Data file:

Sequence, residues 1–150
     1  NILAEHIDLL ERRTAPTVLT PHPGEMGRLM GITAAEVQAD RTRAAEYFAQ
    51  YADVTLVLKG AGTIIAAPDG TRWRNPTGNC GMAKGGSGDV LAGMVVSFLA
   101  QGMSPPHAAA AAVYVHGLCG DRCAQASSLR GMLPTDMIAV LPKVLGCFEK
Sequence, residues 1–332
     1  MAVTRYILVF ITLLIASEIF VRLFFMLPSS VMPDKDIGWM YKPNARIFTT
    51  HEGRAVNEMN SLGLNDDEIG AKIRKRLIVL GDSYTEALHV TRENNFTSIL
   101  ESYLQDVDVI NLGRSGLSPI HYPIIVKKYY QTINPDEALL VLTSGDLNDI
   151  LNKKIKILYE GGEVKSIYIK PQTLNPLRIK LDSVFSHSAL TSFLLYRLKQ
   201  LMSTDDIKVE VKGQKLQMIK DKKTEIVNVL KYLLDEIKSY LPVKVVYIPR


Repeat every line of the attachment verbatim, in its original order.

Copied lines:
Sequence, residues 1–150
     1  NILAEHIDLL ERRTAPTVLT PHPGEMGRLM GITAAEVQAD RTRAAEYFAQ
    51  YADVTLVLKG AGTIIAAPDG TRWRNPTGNC GMAKGGSGDV LAGMVVSFLA
   101  QGMSPPHAAA AAVYVHGLCG DRCAQASSLR GMLPTDMIAV LPKVLGCFEK
Sequence, residues 1–332
     1  MAVTRYILVF ITLLIASEIF VRLFFMLPSS VMPDKDIGWM YKPNARIFTT
    51  HEGRAVNEMN SLGLNDDEIG AKIRKRLIVL GDSYTEALHV TRENNFTSIL
   101  ESYLQDVDVI NLGRSGLSPI HYPIIVKKYY QTINPDEALL VLTSGDLNDI
   151  LNKKIKILYE GGEVKSIYIK PQTLNPLRIK LDSVFSHSAL TSFLLYRLKQ
   201  LMSTDDIKVE VKGQKLQMIK DKKTEIVNVL KYLLDEIKSY LPVKVVYIPR